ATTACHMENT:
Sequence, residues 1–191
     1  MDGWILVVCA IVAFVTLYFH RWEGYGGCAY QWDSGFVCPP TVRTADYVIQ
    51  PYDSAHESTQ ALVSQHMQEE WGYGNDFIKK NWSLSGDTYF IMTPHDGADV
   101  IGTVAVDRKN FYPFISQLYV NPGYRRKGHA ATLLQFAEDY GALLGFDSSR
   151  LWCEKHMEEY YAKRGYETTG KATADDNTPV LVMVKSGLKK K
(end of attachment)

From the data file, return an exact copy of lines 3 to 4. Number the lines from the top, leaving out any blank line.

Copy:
    51  PYDSAHESTQ ALVSQHMQEE WGYGNDFIKK NWSLSGDTYF IMTPHDGADV
   101  IGTVAVDRKN FYPFISQLYV NPGYRRKGHA ATLLQFAEDY GALLGFDSSR